I came across in the course of research so many interesting newspaper articles reporting incidents of domestic tragedy from this period. Sometimes death was averted and other times not. Quite a few of the articles specifically relate to the consumption of food that unwittingly contains toxic substances. Since I am currently writing a publication on the history of blancmange, I have chosen here two extracts that relate to the potential hazards of consuming this seemingly innocuous desert:
A Providential Escape – A few days ago one young family of the Hon. A. Ellis, residing at Bognor, were, together with the governess and two maids, nearly poisoned, owing to their having eaten some blancmange, a part of which was coloured a bright light green very fortunately this green part had an unpleasant taste, which prevented their eating more of it. The medical man who analyzed the remaining quantity found it to contain a verdigris powder. Whilst he had it in a liquid state he dipped into it a knife, which became instantly covered with this green copperas, and he asserts that there was a sufficient portion of this poisonous powder in the quantity analyzed to kill six persons. As it is, the two maids and governess and one of the children are still suffering from its dangerous effects. It appears this powder for colouring the green part had been purchased from a pastrycook in london but it is to be observed that such an article ought never to be sold for such purposes, and this has been inserted as a caution to the public.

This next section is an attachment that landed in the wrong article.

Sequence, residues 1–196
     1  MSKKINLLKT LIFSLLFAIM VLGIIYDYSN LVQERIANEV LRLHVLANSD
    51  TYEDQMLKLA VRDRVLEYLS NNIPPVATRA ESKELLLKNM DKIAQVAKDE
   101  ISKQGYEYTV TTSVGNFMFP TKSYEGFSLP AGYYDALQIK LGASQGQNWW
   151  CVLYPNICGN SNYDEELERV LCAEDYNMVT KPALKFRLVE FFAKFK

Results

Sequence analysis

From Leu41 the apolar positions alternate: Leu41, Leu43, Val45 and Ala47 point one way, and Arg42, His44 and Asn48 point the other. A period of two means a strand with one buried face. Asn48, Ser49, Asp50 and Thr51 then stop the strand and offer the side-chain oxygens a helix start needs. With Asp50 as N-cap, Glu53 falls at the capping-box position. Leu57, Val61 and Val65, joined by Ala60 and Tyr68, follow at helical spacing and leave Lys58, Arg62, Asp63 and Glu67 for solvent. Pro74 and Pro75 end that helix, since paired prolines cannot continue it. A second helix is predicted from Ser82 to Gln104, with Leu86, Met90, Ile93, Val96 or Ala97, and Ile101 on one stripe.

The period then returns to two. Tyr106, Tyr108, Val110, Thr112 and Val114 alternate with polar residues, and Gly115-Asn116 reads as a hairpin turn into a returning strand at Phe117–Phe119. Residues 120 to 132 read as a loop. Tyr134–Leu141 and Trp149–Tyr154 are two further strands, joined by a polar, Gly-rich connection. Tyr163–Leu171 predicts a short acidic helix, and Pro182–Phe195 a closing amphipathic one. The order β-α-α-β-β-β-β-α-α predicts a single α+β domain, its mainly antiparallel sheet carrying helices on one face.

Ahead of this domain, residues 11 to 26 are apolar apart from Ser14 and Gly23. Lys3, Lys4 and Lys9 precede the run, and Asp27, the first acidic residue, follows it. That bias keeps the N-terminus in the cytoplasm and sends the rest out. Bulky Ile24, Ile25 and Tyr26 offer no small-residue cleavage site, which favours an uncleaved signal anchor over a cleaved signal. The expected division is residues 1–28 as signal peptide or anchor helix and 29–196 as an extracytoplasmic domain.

(The Blackburn Standard, 18th February, 1846)
Poisoning at a public dinner – great excitement has existed at Northampton, in consequence of the sudden illness of 20 out of about 60 persons who attended a public dinner at the New Hall, which followed the ordination of the Rev. G. Nicholson, B.A., as the minister of the Ring-street dissenting chapel, in the room of the Rev. T. Milner. The viands were of the usual substantial kind, and before the cloth was removed some of the gentlemen were seized with sickness and vomiting, while others were taken ill at a later period of the entertainment. One of them, Mr Cornfield, an accountant in the town, expired at five o’clock on Thursday morning. The dinner was provided by a Mr Franklin, at whose house the whole of the cooking utensils were seized by order of the magistrates. At the inquest held on the body of the deceased, the medical witnesses stated that they had detected copper in the green colouring stuff which coated the blancmange used at the dinner. A verdict of “Manslaughter” was accordingly returned against Mr Franklin, by whom the dinner was provided, and against Randall, the cook.
(The Examiner, 17th June, 1848)
©Ironbridge Gorge Museum Trust. Blists Hill Victorian Town, Shropshire. ©Come Step Back in Time. Doctor’s House and Surgery. Blists Hill Victorian Town, Shropshire. ©Come Step Back in Time. Interior of the Doctor’s House and Surgery, no. 2 Furnace Bank. Rebuilt brick-by-brick, a majority of one Duke of Sutherland’s cottage built on Wellington Road (no.15), Donnington, Telford. 1862. Opened on site 22nd October, 1986.
On my recent trip to the excellent Blists Hill Victorian Town, Shropshire, I wandered in and out of the many shops and cosy cottages with their glowing ranges and welcoming costumed inhabitants. I tried to imagine what life must have really been like for those living in an industrial town during Victorian times. It is all too easy to foster a rose-tinted view of Victorian life.
©Come Step Back in Time. Inside the Doctor’s House and Surgery, Blists Hill Victorian Town, Shropshire. ©Come Step Back in Time. Inside the Doctor’s House and Surgery, Blists Hill Victorian Town, Shropshire.
Documentaries such as Hidden Killers of the Victorian Home are a stark reminder, to anyone interested in the social history of the period, to look for the truth behind the social myth.
©Ironbridge Gorge Museum Trust. Blists Hill Victorian Town, Shropshire.